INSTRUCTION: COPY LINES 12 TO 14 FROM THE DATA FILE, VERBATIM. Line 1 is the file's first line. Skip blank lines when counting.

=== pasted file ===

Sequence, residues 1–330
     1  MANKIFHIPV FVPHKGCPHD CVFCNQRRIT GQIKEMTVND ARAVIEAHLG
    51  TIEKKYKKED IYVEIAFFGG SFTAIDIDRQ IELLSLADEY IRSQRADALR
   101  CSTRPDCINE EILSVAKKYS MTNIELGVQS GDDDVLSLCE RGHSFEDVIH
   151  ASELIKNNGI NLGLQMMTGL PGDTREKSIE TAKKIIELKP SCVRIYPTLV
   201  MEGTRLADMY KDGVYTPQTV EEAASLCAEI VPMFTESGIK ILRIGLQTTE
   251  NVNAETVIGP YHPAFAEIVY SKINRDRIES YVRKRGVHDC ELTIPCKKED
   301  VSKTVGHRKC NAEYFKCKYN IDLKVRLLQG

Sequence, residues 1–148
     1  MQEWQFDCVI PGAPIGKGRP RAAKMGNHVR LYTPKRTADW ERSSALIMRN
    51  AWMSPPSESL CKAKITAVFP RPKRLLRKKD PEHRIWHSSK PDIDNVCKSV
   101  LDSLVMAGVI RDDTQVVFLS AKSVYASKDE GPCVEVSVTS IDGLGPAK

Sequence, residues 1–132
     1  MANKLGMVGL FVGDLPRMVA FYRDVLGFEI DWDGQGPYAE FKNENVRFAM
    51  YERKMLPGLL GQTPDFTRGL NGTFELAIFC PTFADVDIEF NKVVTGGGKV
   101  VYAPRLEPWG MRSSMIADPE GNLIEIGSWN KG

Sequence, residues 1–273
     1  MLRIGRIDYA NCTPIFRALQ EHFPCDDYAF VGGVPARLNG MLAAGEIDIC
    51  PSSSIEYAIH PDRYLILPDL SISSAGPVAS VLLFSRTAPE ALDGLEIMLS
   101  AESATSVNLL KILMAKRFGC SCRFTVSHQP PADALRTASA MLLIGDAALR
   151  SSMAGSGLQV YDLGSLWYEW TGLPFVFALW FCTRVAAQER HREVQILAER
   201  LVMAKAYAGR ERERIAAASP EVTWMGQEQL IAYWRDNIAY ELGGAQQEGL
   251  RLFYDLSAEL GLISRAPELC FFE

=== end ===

   101  LDSLVMAGVI RDDTQVVFLS AKSVYASKDE GPCVEVSVTS IDGLGPAK

Sequence, residues 1–132
     1  MANKLGMVGL FVGDLPRMVA FYRDVLGFEI DWDGQGPYAE FKNENVRFAM